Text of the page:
In 2013, Edward Snowden captured global headlines when he leaked information on the mass-surveillance programs of the NSA, inciting fervent debates over privacy and government intelligence. He has received many honors for his actions, including The Guardian's Person of the Year and a spot on TIME's 100 Most Influential People in the World. Snowden—who lives in an undisclosed location in Russia, where he has been granted temporary asylum—will appear via a live video broadcast on February 17th at 8PM.
First, a timeline of the NSA leaks and exactly what they entailed. Then, both sides of the debate: interviews, op-ed’s, and reports that covers all the important information you need to know.
Timeline of NSA Leaks
- June 5, 2013: The Guardian breaks coverage on leaked NSA documents that reveal the collection of telephone records from Verizon, one of the U.S.'s largest telecoms providers.
- "Communication records of millions of US citizens are being collected indiscriminately and in bulk – regardless of whether they are suspected of any wrongdoing."
- June 6, 2013: NSA's PRISM program is revealed
- PRISM is an undisclosed program that allows officials to collect material including search history, the content of emails, file transfers and live chats
- Allows direct access to the systems of Google, Facebook, Apple and other US internet giants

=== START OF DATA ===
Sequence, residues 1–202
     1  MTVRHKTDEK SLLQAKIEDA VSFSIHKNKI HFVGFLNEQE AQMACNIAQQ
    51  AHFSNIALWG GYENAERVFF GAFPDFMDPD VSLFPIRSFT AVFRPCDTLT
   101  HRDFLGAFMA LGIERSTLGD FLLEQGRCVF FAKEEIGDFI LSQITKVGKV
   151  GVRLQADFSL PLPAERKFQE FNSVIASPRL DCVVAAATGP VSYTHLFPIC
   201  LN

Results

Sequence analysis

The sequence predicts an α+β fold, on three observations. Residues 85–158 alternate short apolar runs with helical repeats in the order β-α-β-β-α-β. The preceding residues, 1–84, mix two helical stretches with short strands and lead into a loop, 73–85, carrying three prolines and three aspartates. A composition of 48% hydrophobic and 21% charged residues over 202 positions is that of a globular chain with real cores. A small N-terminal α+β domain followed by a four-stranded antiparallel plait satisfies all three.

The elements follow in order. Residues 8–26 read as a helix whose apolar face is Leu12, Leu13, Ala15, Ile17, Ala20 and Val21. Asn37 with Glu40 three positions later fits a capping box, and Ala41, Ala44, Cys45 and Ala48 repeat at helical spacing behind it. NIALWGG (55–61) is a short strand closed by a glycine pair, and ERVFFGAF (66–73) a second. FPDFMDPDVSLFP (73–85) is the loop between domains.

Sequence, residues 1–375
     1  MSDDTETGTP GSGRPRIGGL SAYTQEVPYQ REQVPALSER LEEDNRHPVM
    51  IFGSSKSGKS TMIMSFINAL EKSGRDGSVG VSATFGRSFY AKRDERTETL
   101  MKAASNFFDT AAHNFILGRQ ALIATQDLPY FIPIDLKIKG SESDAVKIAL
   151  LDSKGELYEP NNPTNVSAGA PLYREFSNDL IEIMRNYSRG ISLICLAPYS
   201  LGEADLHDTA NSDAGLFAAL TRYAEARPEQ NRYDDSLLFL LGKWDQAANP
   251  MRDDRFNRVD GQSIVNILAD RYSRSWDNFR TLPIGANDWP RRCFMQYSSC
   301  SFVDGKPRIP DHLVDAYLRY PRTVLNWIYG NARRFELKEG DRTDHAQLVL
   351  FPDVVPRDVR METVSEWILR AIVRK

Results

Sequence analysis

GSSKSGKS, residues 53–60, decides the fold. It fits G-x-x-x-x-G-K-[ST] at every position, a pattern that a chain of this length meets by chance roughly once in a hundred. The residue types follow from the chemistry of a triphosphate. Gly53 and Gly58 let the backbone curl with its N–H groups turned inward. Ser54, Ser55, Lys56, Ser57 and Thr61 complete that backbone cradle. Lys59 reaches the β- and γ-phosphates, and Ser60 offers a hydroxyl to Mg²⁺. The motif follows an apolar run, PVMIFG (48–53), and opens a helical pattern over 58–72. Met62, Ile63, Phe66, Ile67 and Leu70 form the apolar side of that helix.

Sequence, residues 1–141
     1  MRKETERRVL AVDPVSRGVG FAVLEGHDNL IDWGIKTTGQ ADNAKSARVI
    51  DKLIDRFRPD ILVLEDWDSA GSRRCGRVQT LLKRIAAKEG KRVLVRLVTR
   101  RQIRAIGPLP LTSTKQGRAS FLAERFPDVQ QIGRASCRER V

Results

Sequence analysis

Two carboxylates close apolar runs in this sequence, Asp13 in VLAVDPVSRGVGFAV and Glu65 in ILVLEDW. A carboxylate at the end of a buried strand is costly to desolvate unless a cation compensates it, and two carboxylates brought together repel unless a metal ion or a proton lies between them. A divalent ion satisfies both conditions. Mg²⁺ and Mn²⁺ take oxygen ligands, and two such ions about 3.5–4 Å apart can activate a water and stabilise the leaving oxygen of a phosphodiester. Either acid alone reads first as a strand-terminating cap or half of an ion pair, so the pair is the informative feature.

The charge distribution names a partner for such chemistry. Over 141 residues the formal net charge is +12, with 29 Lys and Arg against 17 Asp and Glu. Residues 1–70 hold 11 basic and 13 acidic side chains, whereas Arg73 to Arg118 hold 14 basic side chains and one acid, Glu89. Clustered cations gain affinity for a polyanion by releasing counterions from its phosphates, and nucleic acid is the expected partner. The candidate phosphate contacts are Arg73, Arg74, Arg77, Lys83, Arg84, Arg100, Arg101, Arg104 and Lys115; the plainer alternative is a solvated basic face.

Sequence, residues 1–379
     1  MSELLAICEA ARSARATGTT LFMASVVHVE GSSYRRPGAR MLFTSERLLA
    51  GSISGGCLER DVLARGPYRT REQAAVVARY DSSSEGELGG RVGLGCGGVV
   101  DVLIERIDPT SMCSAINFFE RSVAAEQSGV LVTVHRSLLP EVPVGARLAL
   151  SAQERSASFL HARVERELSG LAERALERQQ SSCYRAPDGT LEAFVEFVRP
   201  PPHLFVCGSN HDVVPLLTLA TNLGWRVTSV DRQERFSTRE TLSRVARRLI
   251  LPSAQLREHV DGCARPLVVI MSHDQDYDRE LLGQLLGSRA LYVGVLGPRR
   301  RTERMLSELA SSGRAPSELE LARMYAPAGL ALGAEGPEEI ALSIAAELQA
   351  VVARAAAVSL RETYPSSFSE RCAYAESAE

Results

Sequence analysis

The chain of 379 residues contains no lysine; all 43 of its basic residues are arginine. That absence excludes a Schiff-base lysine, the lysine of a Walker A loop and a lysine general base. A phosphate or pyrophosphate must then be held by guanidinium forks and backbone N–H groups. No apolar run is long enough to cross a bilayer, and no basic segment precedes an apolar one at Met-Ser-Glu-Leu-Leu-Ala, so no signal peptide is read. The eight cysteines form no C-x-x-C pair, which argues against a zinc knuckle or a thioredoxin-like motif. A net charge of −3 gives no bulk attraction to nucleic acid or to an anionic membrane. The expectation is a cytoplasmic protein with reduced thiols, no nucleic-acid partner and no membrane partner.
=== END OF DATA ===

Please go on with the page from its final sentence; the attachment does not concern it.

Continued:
- June 24, 2013: Edward Snowden moves from Hong Kong to Moscow, seeking asylum
- July 31, 2013: XKeyscore revealed
- Allows analysts to search with no prior authorization through vast databases containing emails, online chats and the browsing histories of millions of individuals
- "Widest-reaching" system for developing intelligence from the internet
- August 1, 2013: Russia grants Edward Snowden temporary asylum, against U.S. demands
- October 30, 2013: Joint program with British agency – MUSCULAR
- "Copying entire data flows across fiber-optic cables that carry information among the data centers of the Silicon Valley giants"
- May 7, 2015: Mass phone surveillance ruled illegal by U.S. Court of Appeals
- US court of appeals ruled that the bulk collection of telephone metadata is unlawful, in a landmark decision that clears the way for a full legal challenge against the National Security Agency
- June 3, 2015: Congress passes USA Freedom Act, reforms NSA surveillance practices
- The House of Representatives and U.S. Senate passed a bill to end the bulk collection of millions of Americans’ phone records, ushering in the country’s most significant surveillance reform since 1978 two years after NSA whistleblower Edward Snowden’s revelations to the Guardian
NYT Op-Ed: Edward Snowden, "The World Says No to Surveillance"